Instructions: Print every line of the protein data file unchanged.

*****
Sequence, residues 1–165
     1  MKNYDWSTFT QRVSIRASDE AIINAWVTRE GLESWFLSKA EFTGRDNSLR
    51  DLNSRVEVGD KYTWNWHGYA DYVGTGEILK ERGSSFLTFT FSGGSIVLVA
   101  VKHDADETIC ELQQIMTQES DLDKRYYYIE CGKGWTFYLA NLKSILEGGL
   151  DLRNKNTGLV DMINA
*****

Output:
Sequence, residues 1–165
     1  MKNYDWSTFT QRVSIRASDE AIINAWVTRE GLESWFLSKA EFTGRDNSLR
    51  DLNSRVEVGD KYTWNWHGYA DYVGTGEILK ERGSSFLTFT FSGGSIVLVA
   101  VKHDADETIC ELQQIMTQES DLDKRYYYIE CGKGWTFYLA NLKSILEGGL
   151  DLRNKNTGLV DMINA